Skip to main content

This Morning

June 24, 2018. I went to bed earlier than usual last night, knowing that I needed a good night’s sleep before standing up to speak this morning. But good intentions aside, it’s 4:45am and here I am sitting at our dining room table, trying to give free reign to some of the thoughts swirling around in my head in hopes that their release will allow me to get back to sleep again, if only for another hour or so.

I followed through on our Board’s request that I share my heart for our church and try to wrap up this season of uncertainty before the summer kicks in. The past couple of weeks have been almost exclusively dedicated to thinking and praying through how I can put my thoughts into words, searching for a way to inspire as many people as possible to commit to this next leg of our journey. This morning, I’m definitely feeling the heaviness of it all—feeling it deep inside my chest. 

(Note: This post is part of an ongoing series called The View From Here. Please follow this link and start reading at the oldest post, Fear and Trembling.)

Last week, I met with a member of our Board and her husband to discuss the depths of their struggle with the direction things are heading. It was a sombre reminder that people I care deeply about will not be willing to stay in the situation I’ll be inviting people into just a few short hours from now. They reminded me that there will be others as well, perhaps some that I’m not expecting to leave. They said this in a spirit of love; it was a healthy and honest conversation, and it was helpful for me as I continued to craft my sermon throughout the week, trying to find a way to speak to everyone in our community in a way that would honour their diverse struggles with this hotly contested issue.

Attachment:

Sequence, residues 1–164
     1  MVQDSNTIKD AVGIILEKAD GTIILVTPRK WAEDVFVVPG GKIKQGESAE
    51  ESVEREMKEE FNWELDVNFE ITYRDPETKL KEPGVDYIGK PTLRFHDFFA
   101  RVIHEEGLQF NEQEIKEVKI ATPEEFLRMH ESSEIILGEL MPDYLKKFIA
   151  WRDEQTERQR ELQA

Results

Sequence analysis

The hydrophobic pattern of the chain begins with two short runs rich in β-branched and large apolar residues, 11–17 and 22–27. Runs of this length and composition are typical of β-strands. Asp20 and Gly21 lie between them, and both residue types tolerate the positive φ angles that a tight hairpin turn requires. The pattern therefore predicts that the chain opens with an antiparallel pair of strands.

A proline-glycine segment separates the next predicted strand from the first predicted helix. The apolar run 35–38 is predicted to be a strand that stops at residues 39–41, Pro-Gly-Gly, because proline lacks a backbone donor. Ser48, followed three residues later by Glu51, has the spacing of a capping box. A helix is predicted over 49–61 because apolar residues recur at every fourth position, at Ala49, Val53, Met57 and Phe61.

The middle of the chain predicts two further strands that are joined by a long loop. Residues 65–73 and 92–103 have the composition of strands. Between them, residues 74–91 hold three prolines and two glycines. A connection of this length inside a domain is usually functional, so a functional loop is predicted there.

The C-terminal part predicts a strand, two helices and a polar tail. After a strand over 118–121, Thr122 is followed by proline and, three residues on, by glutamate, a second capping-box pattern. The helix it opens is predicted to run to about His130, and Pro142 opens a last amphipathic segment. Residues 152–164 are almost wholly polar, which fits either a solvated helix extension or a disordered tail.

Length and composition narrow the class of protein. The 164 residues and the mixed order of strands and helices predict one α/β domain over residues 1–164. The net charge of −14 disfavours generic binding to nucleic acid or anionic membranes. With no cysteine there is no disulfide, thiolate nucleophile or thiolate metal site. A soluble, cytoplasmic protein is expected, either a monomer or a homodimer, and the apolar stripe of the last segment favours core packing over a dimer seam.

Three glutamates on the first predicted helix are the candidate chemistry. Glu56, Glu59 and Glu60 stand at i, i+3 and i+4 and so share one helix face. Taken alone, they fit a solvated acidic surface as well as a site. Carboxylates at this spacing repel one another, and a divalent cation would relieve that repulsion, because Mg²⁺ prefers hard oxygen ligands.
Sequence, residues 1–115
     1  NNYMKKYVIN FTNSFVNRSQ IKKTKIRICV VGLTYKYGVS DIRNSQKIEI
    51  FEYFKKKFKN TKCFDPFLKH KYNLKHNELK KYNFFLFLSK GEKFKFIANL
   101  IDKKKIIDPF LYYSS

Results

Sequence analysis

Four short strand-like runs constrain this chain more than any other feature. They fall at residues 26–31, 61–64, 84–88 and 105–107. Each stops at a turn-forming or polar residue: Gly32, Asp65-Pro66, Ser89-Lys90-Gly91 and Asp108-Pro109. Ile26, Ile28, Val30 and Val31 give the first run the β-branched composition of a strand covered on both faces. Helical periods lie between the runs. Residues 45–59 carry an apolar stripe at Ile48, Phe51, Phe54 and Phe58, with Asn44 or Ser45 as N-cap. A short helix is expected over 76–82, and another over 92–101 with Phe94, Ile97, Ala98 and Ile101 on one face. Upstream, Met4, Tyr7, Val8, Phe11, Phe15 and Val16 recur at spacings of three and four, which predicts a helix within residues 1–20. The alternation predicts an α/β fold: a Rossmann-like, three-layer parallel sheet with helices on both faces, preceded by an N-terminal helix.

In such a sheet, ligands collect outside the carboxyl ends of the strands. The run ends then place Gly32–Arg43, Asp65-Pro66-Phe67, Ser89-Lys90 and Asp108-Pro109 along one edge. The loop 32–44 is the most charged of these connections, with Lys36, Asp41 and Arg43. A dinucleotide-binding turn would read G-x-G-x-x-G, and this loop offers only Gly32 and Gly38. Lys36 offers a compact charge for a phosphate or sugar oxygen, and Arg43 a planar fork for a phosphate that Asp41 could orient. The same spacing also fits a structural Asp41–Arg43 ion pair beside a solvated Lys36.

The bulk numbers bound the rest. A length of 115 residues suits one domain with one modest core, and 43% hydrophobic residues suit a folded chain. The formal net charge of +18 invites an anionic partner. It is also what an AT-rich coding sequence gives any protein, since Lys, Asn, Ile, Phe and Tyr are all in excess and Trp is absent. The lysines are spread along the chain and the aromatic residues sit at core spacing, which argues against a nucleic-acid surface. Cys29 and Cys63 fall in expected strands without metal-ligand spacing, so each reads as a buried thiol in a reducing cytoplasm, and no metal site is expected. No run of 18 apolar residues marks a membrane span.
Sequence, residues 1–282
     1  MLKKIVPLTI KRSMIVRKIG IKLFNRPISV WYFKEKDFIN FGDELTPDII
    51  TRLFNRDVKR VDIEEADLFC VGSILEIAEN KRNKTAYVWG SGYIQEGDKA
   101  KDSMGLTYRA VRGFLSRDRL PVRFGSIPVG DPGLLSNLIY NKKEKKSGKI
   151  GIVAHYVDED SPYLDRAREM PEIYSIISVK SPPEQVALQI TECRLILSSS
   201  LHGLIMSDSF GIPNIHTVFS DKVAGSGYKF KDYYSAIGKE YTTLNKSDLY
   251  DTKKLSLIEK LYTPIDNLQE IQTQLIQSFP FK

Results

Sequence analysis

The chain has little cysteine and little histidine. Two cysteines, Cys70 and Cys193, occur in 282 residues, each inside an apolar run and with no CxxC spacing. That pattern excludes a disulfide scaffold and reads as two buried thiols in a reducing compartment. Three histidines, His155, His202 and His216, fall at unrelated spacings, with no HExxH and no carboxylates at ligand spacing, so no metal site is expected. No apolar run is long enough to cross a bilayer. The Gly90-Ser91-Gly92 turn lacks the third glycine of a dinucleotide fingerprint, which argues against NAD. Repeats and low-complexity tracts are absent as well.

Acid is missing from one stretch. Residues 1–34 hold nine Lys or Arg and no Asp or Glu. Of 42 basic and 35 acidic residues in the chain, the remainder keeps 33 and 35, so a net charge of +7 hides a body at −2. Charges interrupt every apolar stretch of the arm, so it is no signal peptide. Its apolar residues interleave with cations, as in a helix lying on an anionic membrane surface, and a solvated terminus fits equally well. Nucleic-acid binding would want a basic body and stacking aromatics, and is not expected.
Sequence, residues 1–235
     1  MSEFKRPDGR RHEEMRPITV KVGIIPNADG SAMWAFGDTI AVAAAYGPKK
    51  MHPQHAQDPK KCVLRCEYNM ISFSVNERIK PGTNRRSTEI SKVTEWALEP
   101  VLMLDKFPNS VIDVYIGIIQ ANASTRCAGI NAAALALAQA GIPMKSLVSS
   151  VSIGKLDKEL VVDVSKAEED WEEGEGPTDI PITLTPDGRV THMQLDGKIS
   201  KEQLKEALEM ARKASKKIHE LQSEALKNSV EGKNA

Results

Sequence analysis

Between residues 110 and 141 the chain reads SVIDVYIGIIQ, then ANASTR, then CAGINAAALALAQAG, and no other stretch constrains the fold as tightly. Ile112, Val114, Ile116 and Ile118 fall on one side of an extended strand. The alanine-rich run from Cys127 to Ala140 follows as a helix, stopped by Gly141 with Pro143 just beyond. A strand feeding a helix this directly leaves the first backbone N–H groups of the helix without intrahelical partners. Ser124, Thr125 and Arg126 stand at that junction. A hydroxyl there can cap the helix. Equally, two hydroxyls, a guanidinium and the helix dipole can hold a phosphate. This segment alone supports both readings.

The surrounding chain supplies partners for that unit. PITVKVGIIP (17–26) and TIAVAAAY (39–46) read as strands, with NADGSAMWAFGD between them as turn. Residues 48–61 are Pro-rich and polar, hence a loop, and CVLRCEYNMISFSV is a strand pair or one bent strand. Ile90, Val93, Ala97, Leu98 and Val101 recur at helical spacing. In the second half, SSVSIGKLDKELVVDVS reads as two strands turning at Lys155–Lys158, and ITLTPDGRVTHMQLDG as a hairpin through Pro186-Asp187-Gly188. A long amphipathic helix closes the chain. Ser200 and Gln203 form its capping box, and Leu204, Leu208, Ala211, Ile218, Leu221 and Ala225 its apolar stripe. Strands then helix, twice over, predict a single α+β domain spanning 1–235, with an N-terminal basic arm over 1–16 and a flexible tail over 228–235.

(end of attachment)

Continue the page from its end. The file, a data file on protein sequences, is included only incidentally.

I know there are a number of people in our community who have been holding their breath on this, hoping against hope that I will ‘see the light’ and snap out of whatever it is they think I need to snap out of. Maybe I need to snap out of my blindness to the injustice of excluding same-sex attracted people, or maybe it’s my blindness to the danger of stepping outside of the bounds of orthodoxy. Whatever it is, I know that people can only hold their breath for so long, and so this morning will be the time when some of them will finally breathe again. I just don’t know what’s going to happen when the air actually fills up their lungs.

Yes, this morning will mark the end of the road for some members of our community. This is just heartbreaking for me to admit and the heaviness is something I can feel almost physically as I sit here typing in the early morning darkness. Will I be able to stand up there this morning with the same confidence I had when I read my sermon over on Friday morning? Will I find a way to speak from a place of genuine vulnerability and with the kind of integrity my congregation needs and deserves from me? 

Last week, I was driving with my son to one of his baseball games and he asked me, “Dad, why are you so quiet today?” 

How do you answer that question? How do you explain to a thirteen-year-old that you feel the weight of the world on your shoulders because you are about to cause so much pain for people, and that you’re filled with so much self-doubt that it takes everything in you to put on a happy face and move around in the world? What words could I have used to express the significance of this moment for me, to articulate how aware I am that everything changes on the other side of this decision? How do I tell my child that I am equally confident and doubtful about what I’m doing, and even about who I am? Does that even make sense to a thirteen-year-old? Does it even make sense to me?